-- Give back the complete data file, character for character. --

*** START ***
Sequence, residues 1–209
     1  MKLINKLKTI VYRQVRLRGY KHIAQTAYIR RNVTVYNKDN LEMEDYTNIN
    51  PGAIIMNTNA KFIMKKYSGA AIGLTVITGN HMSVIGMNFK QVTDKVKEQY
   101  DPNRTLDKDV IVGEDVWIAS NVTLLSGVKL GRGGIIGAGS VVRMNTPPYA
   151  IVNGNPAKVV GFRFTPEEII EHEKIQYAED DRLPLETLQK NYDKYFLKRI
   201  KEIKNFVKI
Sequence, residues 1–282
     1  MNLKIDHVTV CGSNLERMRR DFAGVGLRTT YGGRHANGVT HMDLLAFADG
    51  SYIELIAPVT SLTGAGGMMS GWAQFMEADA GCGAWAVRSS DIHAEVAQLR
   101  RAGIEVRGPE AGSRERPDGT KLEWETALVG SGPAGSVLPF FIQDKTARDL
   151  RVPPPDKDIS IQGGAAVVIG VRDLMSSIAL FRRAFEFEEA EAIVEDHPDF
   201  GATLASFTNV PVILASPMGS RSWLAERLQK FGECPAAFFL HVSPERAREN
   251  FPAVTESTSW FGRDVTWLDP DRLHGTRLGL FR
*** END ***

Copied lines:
Sequence, residues 1–209
     1  MKLINKLKTI VYRQVRLRGY KHIAQTAYIR RNVTVYNKDN LEMEDYTNIN
    51  PGAIIMNTNA KFIMKKYSGA AIGLTVITGN HMSVIGMNFK QVTDKVKEQY
   101  DPNRTLDKDV IVGEDVWIAS NVTLLSGVKL GRGGIIGAGS VVRMNTPPYA
   151  IVNGNPAKVV GFRFTPEEII EHEKIQYAED DRLPLETLQK NYDKYFLKRI
   201  KEIKNFVKI
Sequence, residues 1–282
     1  MNLKIDHVTV CGSNLERMRR DFAGVGLRTT YGGRHANGVT HMDLLAFADG
    51  SYIELIAPVT SLTGAGGMMS GWAQFMEADA GCGAWAVRSS DIHAEVAQLR
   101  RAGIEVRGPE AGSRERPDGT KLEWETALVG SGPAGSVLPF FIQDKTARDL
   151  RVPPPDKDIS IQGGAAVVIG VRDLMSSIAL FRRAFEFEEA EAIVEDHPDF
   201  GATLASFTNV PVILASPMGS RSWLAERLQK FGECPAAFFL HVSPERAREN
   251  FPAVTESTSW FGRDVTWLDP DRLHGTRLGL FR